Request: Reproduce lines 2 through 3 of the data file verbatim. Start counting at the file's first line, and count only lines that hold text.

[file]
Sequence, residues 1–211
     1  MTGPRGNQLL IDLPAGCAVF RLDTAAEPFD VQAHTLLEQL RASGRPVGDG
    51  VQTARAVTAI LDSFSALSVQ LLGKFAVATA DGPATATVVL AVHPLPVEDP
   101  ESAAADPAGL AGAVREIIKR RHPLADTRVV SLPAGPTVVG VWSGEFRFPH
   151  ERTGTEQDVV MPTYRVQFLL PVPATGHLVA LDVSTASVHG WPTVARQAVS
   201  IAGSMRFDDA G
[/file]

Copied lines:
     1  MTGPRGNQLL IDLPAGCAVF RLDTAAEPFD VQAHTLLEQL RASGRPVGDG
    51  VQTARAVTAI LDSFSALSVQ LLGKFAVATA DGPATATVVL AVHPLPVEDP